Skip to comments.What's the better austerity: more spending cuts or more taxes?
Posted on 08/22/2011 7:24:27 AM PDT by SeekAndFind
In the debate over the effects of fiscal austerity on growth, all sides can point to examples that seem to help their case.
Those who argue that deficit reduction can help growth can point to the Baltic states who pushed through even tougher measures than for example Greece and Portugal, and who are now booming, with Estonia seeing GDP increase 8.4% compared to a year earlier, Lithuania 6.1% and Latvia 5.3%.
On the other hand we can see that growth in for example Britain and Portugal has slowed considerably, and in Greece we have seen a 6.9% contraction the latest year (that came after a 4% contraction in the year to Q2 2010).
How can this difference be explained? Floating exchange rate advocates often claim that a floating exchange rate is vital for successfull fiscal consolidation but that is clearly not a theory supported by these facts as the Baltic states have all had fixed exchange rates to the euro, with Estonia recently formally adopting the euro as currency. There are 3 explanations.
The first is initial position in the business cycle. The Baltic states had in 2009 suffered a full blown depression with GDP dropping around 20% and unemployment increasing to nearly 20%, while Greece in 2009 had only had a very mild contraction, with countries like Britain and Portugal coming in between. Most of the malinvestments had been cleaned out in the Baltic states, while the process had only started elsewhere.
The second is the type of austerity implemented. While all countries had a mix of tax increases and spending cuts, the Baltic states had more emphasis on spending cuts while Greece had a big emphasis on consumption tax increases that hurted the competitiveness of its vital tourist industry
(Excerpt) Read more at csmonitor.com ...
I’ll bite. How are increased taxes ‘austerity’?
NATIONS WITH HIGHER CREDIT RATINGS THAN THE USA:
GDP: $1.2 trillion
Debt: $276 billion, or 22 percent of GDP
GDP: $377 billion
Debt: $263 billion, or 70 percent of GDP
GDP: $1.6 trillion
Debt: $1.3 trillion, or 84 percent of GDP
GDP: $310 billion
Debt: $138 billion, or 44 percent of GDP
GDP: $239 billion
Debt: $116 billion, or 48 percent of GDP
GDP: $2.6 trillion
Debt: $2.2 trillion, or 84 percent of GDP
GDP: $3.3 trillion
Debt: $2.7 trillion, or 80 percent of GDP
8. Hong Kong
GDP: $225 billion
Debt: $11 billion, or 5 percent of GDP
GDP: $55 billion
Debt: $9 billion, or 17 percent of GDP
GDP: $783 billion
Debt: $499 billion, or 64 percent of GDP
GDP: $414 billion
Debt: $225 billion, or 54 percent of GDP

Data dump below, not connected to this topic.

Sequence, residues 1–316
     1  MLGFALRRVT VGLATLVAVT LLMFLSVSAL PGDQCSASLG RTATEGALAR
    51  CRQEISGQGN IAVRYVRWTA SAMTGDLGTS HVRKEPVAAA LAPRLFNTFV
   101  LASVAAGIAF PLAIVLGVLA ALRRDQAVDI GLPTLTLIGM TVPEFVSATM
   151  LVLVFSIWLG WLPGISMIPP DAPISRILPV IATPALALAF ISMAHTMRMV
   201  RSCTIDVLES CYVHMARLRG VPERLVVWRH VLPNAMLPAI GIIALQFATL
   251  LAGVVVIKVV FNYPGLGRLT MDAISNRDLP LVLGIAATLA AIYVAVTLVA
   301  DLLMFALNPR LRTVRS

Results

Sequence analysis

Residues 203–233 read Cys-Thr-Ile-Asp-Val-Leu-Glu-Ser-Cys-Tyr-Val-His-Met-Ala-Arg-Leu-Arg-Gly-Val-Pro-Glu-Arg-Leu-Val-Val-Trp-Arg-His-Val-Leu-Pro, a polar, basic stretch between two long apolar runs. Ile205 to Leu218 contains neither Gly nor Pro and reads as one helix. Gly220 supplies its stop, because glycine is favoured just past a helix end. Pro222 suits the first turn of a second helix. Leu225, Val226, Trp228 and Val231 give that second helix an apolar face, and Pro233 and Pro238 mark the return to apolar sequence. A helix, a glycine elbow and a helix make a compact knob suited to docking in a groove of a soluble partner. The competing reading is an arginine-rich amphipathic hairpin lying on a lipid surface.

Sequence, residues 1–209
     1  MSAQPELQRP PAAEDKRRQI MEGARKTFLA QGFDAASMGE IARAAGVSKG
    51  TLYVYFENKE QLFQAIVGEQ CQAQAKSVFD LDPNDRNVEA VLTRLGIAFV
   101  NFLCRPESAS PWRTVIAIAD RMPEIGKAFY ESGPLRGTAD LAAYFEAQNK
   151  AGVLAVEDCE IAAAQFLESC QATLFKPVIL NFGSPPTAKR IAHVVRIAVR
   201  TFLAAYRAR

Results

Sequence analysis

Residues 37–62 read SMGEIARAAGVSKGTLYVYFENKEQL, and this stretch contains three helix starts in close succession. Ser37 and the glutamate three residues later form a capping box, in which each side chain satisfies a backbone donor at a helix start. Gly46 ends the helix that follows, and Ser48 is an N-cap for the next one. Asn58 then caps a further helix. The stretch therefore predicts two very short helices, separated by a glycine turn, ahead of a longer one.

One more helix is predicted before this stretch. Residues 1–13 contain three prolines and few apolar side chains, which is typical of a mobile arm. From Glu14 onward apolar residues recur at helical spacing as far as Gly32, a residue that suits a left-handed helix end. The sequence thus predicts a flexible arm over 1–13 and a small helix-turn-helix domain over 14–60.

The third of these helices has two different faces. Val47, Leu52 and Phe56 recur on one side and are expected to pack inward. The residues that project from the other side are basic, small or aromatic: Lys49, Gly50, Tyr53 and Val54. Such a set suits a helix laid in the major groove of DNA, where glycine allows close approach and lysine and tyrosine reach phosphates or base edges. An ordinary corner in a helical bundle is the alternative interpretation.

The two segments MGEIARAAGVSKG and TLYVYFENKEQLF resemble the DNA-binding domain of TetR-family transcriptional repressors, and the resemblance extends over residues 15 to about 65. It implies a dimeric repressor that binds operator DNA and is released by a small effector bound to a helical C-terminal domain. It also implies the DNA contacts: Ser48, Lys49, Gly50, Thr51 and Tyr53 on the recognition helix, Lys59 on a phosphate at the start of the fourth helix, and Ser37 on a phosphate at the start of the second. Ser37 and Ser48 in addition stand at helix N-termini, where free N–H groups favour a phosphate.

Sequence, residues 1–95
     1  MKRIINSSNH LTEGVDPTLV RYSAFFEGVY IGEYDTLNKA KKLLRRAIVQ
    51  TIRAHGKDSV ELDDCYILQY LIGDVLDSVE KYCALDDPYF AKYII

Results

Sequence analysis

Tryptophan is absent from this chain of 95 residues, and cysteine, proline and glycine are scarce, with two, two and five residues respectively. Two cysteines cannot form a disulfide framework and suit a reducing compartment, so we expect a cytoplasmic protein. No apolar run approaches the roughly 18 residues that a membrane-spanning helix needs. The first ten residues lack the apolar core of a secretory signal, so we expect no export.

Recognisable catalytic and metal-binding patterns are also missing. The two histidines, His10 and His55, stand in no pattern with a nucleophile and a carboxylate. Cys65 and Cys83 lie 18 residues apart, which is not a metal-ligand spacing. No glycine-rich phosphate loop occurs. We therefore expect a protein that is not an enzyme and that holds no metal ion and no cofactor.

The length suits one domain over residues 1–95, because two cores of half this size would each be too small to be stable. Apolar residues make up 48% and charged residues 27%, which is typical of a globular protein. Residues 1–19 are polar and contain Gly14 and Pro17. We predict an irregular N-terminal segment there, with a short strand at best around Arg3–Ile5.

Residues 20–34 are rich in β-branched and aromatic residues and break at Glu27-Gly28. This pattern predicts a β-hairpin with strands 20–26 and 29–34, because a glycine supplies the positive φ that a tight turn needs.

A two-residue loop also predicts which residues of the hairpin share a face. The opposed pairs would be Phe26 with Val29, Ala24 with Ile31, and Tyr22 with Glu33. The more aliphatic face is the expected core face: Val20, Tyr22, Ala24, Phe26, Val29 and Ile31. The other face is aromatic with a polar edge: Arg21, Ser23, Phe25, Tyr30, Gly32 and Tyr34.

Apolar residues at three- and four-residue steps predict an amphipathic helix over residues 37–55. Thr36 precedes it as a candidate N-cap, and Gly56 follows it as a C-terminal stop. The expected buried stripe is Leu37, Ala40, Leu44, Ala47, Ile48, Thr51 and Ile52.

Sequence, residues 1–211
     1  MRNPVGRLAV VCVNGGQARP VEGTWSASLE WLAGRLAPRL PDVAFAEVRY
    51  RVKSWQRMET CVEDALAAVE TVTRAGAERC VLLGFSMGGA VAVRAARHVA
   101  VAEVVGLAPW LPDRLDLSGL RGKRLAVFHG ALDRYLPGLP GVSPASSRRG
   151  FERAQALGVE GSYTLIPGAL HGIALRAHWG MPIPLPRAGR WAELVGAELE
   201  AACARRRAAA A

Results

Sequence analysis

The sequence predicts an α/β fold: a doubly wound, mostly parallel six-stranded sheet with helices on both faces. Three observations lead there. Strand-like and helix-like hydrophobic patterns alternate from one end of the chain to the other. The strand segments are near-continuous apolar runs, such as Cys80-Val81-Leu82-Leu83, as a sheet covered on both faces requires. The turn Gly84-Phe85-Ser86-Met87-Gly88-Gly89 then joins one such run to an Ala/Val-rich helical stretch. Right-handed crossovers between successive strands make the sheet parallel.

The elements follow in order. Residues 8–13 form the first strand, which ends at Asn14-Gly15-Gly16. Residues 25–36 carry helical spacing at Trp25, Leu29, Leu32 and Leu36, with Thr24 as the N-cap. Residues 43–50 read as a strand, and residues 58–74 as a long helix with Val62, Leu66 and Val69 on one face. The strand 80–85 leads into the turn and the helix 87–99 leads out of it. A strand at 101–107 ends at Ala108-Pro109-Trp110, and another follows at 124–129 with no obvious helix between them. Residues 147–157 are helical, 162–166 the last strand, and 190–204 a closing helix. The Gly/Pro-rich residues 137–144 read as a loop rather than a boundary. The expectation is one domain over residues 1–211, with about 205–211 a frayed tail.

GDP: $223 billion
Debt: $216 billion, or 97 percent of GDP
GDP: $456 billion
Debt: $181 billion, or 40 percent of GDP
GDP: $524 billion
Debt: $288 billion, or 55 percent of GDP
15. United Kingdom
GDP: $2.2 trillion
Debt: $1.7 trillion, or 77 percent of GDP
Higher taxes = austerity for people who work.
Spending cuts = austerity for people who don’t work or “work” for the government.
Can you now see why some favor the first kind of austerity?
Well hey- life is pretty simple in my world. I have X amount of dollars and when that is gone I am done with wants as well as needs until my funding is replenished.
I vote for austerity.
Stealing less. No contest.
Estonia, cut back big time in 08 and 09 against the norm to get into the Euro, and it worked for them. They are growing now.
WOW only 2 choices? Cut spending or raise taxes?
Sick of these kinds of articles....
Yes we need to cut spending and yes we need more revenue and to do that:
We need jobs
To have jobs WE NEED EMPLOYERS
To have employers we need regulatory changes from the Federal, state and local levels
Increased taxes = more money for government to spend.
That is not austerity.
Tax increases are “austerity” because they force austerity on businesses and the tax-paying citizenry. (I think the idea is that spending cuts force “austerity” not so much on the government as on those businesses and citizens who have been the beneficiaries of government largesse.)
Of course the article seems to support the idea that forcing austerity on the government by spending cuts is more useful in spurring economic growth, as it puts the example of Estonia’s experience first.
Nine Signs That a New Global Recession Has Arrived
Posted: August 22, 2011 at 6:25 am
2. GDP Forecasts
3. Oil demand falls
4. Stock markets retreat
6. Civil War
7. The Poor
8. Government spending cuts
9. Wall St. turns against growth
Read more: Nine Signs That a New Global Recession Has Arrived - 24/7 Wall St. http://247wallst.com/2011/08/22/nine-signs-that-a-new-global-recession-has-arrived/#ixzz1VlnhhiWk